HomeAboutARL Strategic Thinking & DesignReports from Design Meetings & Design StudiosBoston Design Meeting, ARL Strategic Design, April 22

Boston Design Meeting, ARL Strategic Design, April 22

boston-strategic-design-meeting-apr2014photo by Lee Anne GeorgeOn the day after the 2014 Boston Marathon, 33 participants gathered at Lamont Library on the Harvard University campus for the 10th regional meeting in ARL’s strategic thinking and design process. Sarah Thomas, vice president for the Harvard Library and the Roy E. Larsen librarian of the Faculty of Arts and Sciences, hosted the meeting that included librarians, faculty, and a graduate student from colleges and universities across New England, the Boston Public Library, and ARL.

ARL executive director Elliott Shore welcomed the group and introduced Ann Pendleton-Jullian, ARL’s strategic design consultant, who set the stage for the day’s activities. Ann began by describing the three tracks and five components of the strategic thinking and design process. The tracks are data gathering and analysis (to develop a clear understanding of current research library and higher education issues and challenges), regional design meetings (to imagine and articulate elements of the research library in 2033), and design studios (to synthesize and critique the information flowing from the other tracks in order to create goals and systems of action). The design process components include framing the design problem, telling stories, visioning charrettes, worldbuilding, and design studios. On a process timeline Ann illustrated the work that has been accomplished and how the various tracks feed into the work of one another.

Following the process review, the participants broke into groups of three for a “sharks” and “cool cats” storytelling activity, as in the previous regional meetings. Each group selected two of their stories to report out. Among the sharks were:

  • the dilemma of how to provide information resources to researchers who have collaborators around the world;
  • a university’s résumé-gathering project that didn’t collaborate with the library and ended up badly flawed;
  • librarians who staff desks to answer questions about collections that aren’t well-described because the librarians don’t have time to do that work because they are staffing a desk;
  • a manuscript collection donated to the library on a computer;
  • how to hire staff who can grow in the direction you might need in the future; and
  • the current systems of prestige/reputation that academics created and then ceded to commercial publishers.

The cool cats included:

  • how a library was able to intervene in the demolition of a building on campus to create a 3-D visualization to record the structure;
  • a collaborative project in which libraries distribute texts and images and crowdsource the metadata through short online games;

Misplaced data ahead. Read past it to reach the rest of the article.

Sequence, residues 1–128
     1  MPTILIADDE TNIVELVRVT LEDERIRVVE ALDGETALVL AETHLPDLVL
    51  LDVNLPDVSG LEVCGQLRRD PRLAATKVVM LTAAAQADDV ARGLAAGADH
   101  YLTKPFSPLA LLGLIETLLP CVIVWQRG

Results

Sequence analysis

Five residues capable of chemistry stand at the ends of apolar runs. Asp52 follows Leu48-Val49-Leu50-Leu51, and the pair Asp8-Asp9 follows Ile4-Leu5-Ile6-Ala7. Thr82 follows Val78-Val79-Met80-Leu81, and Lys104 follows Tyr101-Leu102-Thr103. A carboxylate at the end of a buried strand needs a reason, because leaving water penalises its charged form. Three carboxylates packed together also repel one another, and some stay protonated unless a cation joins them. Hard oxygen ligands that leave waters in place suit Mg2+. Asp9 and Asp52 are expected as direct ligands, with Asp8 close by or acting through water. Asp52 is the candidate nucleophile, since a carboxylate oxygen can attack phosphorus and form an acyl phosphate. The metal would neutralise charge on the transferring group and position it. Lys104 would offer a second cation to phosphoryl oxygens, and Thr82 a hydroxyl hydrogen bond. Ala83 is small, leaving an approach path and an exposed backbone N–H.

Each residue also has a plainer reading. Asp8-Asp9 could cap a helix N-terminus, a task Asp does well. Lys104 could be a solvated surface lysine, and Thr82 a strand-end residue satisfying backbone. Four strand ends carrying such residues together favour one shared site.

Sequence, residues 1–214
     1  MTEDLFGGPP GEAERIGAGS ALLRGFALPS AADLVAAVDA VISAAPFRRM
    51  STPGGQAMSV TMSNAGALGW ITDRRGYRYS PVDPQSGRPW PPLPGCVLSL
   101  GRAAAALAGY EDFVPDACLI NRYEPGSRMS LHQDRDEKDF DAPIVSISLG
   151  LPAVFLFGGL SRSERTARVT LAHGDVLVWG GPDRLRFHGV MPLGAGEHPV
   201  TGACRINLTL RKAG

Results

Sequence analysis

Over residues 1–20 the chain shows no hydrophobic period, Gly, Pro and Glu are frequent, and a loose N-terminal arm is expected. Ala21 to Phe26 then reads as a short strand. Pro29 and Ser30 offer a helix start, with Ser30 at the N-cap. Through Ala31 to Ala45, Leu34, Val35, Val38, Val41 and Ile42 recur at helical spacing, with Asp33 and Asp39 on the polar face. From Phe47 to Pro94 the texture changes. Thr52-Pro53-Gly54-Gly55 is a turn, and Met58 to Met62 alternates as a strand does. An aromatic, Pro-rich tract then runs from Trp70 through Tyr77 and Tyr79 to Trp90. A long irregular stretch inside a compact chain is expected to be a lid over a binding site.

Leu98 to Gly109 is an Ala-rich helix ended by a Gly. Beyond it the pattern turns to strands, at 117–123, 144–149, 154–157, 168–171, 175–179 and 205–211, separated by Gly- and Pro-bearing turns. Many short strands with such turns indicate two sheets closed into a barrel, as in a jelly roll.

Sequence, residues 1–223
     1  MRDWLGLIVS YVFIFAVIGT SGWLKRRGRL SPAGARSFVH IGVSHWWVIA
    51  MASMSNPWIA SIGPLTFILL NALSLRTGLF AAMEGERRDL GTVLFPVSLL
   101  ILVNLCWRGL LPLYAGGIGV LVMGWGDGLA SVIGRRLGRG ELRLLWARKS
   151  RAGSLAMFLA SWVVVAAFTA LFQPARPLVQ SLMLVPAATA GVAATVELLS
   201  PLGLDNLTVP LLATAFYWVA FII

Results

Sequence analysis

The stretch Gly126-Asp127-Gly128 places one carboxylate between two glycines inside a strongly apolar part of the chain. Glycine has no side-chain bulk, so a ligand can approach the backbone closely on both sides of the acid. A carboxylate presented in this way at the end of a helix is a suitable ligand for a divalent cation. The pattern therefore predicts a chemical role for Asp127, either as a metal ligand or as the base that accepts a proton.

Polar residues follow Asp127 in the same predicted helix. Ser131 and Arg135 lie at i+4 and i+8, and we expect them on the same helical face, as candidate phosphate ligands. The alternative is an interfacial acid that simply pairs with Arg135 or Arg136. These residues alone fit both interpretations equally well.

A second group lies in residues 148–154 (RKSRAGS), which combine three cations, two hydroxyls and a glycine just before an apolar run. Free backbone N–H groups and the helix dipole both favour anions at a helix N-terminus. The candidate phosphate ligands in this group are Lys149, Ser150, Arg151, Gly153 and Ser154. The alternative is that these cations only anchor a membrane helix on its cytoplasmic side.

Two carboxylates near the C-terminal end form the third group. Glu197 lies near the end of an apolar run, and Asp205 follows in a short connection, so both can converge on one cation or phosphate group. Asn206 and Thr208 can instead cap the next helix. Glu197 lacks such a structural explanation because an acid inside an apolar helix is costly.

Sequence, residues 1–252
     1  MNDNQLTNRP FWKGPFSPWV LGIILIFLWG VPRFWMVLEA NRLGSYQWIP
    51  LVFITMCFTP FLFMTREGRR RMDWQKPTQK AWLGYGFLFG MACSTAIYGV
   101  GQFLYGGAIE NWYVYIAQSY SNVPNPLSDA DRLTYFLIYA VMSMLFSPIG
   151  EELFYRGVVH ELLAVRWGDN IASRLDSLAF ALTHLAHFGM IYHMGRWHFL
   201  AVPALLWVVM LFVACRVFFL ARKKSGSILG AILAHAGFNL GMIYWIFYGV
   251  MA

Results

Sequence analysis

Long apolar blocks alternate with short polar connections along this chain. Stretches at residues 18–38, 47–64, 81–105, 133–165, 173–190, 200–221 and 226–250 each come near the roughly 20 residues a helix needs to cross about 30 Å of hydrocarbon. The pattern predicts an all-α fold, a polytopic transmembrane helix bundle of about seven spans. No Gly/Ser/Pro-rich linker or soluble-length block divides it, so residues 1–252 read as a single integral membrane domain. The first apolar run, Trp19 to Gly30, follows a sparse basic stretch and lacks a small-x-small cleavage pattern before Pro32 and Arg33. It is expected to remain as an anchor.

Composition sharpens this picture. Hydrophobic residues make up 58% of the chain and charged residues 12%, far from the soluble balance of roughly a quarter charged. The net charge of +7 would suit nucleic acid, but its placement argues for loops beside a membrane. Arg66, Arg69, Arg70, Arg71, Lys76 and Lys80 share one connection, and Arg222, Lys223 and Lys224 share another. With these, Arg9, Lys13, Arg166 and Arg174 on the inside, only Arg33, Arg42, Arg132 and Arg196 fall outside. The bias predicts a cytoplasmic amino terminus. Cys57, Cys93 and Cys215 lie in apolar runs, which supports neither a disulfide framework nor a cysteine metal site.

• a collaboration between the library and campus administration to help faculty find alternatives to textbooks that has saved over $1 million in textbook costs;
  • library users who are dropouts but are independent thinkers and self-propelled learners;
  • an opportunity to work with a faculty member to imagine a new research process that led to thinking differently about discovery tools;
  • a pilot digital preservation network; and
  • an information commons that collocates consulting services and undergraduate deans.

After lunch, Ann explained that this meeting represented the turning point from one phase of the design process to a second phase: creating systems of action to close the gap between the present and the library of 2033. Systems of action are collections of inter-related components that affect both explicit behaviors and embedded habits, and enable small actions to affect a larger social ecosystem. As an example, Ann described El Sistema, José Antonio Abreu’s project to transform the lives of poor children and their communities in Venezuela through participation in youth orchestras. She then described several trends that emerged during the ARL design studio work that resulted in major shifts in thinking about the research library of the future and led to this vision concept:

In 2033, the research library will have shifted from its role as a knowledge service provider within the university to become a collaborative partner within a rich and diverse learning and research ecosystem.

With this vision as inspiration, meeting participants convened into six groups to brainstorm steps the library could take to achieve this vision. The results of this session shared several themes, including networks, interoperability, data mining, collaboration, teamwork, new publishing models, and new staff skills.

Immediate next steps for the strategic thinking and design process include a series of webcasts for ARL member libraries this week and two sessions during the ARL Membership Meeting next week. These activities will engage ARL directors in discussions about the ideas developed in the design studio process and the work of the Board of Directors from its February 2014 retreat. During the Membership Meeting, ARL will collect feedback to refine the systems of action and identify any additional actions that the membership thinks ARL should address. This summer and early fall, the design team and ARL staff will develop a working framework—based on the vision and systems of action—to guide the Association for the next two to three years. The proposed framework will be a focus of the October 2014 Membership Meeting.



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